I was astounded by Sandra Nurmsalu. Her voice was magnificent as the eery song slowly crept up on the audience. Visually she looks like she just rocked up from Rivendell, really piercing and brilliant eyes. The hair's so Toni & Guy. She won the contest in my opinion. I wonder if she's just pretending to play the violin though in an effort to win Alexander Rybak's little heart.
2) Turkey - "Dum Tek Tek"
Three songs this year attempted to be Shakira, but this was the catchiest of them all. Dum Tek Tek sounds a bit like chickens squawking around a farmyard, but Hadise is a fiery Turkish pop star. She reminded me of Cora Corman, the fictional bimbo pop heroine in the movie Music & Lyrics (starring Drew Barrymore and Hugh Grant). Her attitude is priceless. Oh Turkey!
3) Greece - "This Is Our Night"
Wow. Sakis Rouvas is a Eurovision veteran. He came third in Eurovision 2004 and he presented the tournament once too. For a man of his age, his body is just incredible, it has a life of its own. Okay, he thinks he's John Travolta, and he's very shiny, but he gave a breathtaking performance on the night. Sakis has a strong voice, he is utterly in love with himself and he wore white jeans better than anyone else in Eurovision this year. I'm definitely downloading his music for the summer (apparently he has a groovey number called 'Shake It'). He's amongst the best acts in Eurovision, although it's a bit naff that he won't give up on trying to win it. Still, I'm keeping my eye out for the Sakis Rouvas calendar. Also - Google Image searching him is v.amusing and 10 minutes well spent I say!

4) Armenia - "Nor Par Jan Jan"
I don't know how Armenia managed to find two women who are so exceptionally ugly, and at the sametime kind of alluring. They're actually stars over there, called Inga & Anush. They wore tambarines on their heads and danced around in strangely villainous dresses, like Disney witches. In fact, their entire set looked like a medieval brothel. The song Nor Par Jan Jan was weirdly powerful. I'm ashamed to say.. I loved it! It's definitely going into an iPod playlist this week.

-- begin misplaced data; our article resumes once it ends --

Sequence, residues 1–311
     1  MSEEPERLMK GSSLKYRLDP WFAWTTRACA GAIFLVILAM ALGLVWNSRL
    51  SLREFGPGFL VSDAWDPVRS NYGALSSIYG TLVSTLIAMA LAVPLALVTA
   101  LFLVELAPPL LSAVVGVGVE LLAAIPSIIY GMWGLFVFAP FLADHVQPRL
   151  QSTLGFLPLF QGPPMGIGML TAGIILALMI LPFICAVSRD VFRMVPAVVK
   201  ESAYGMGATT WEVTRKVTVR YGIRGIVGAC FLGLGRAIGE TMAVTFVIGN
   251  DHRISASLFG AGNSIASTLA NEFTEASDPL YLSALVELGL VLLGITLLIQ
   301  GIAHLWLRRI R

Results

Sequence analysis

5) Ukraine - "Be My Valentine"

Svetlana Loboda looks a lot older than a woman who was born in 1982. Also, I can't imagine her being the type to take Valentines all that seriously. The beat of her song is practically 'Everybody Dance Now', but the dancing made this song amazing... she brought along her three musclemen dancers who apparently go with her everywhere, a sort of testosterone entourgage. She's a big star in Europe too. This year she made her muscle boys dress up like Roman centurions with shoulder pads and bare chests revealing their 8 packs! Russia's camera angles on the night were a bit biased against this tune, they kept panning out and randomly sweeping across the audience, so we couldn't actually see enough of her naked muscle men, or her wonderful self. That's why I put her in my Top 5.

So, a whole year to wait now until we join Alexander Rybak in Norway. Let's hope they go for an outdoor lakeside setting, with Hollywood lights lit up across a Norwegian mountain, and plenty of trolls with multicoloured hair and gem stone belly buttons. Yay.

Vivienne Westwood: Latitude Festival Appearance

Vivienne Westwood will be appearing at Latitude festival in Suffolk this July. The venerable lady will read from her socio-political manifesto Active Resistance to Propaganda, known as AR (not to be confused with Art Review). Adding to the timeless discussion that has been pursued by Plato, Shelley and Warhol before her… VW’s manifesto explores notions that art is an antidote to the world’s problems. The reading will be followed by a Q&A session.